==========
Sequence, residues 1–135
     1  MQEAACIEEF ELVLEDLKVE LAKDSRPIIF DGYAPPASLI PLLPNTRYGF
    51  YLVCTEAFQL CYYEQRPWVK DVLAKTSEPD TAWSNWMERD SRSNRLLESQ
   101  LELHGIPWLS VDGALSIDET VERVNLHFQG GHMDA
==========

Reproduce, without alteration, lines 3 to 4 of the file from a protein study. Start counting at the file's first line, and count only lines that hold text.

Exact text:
    51  YLVCTEAFQL CYYEQRPWVK DVLAKTSEPD TAWSNWMERD SRSNRLLESQ
   101  LELHGIPWLS VDGALSIDET VERVNLHFQG GHMDA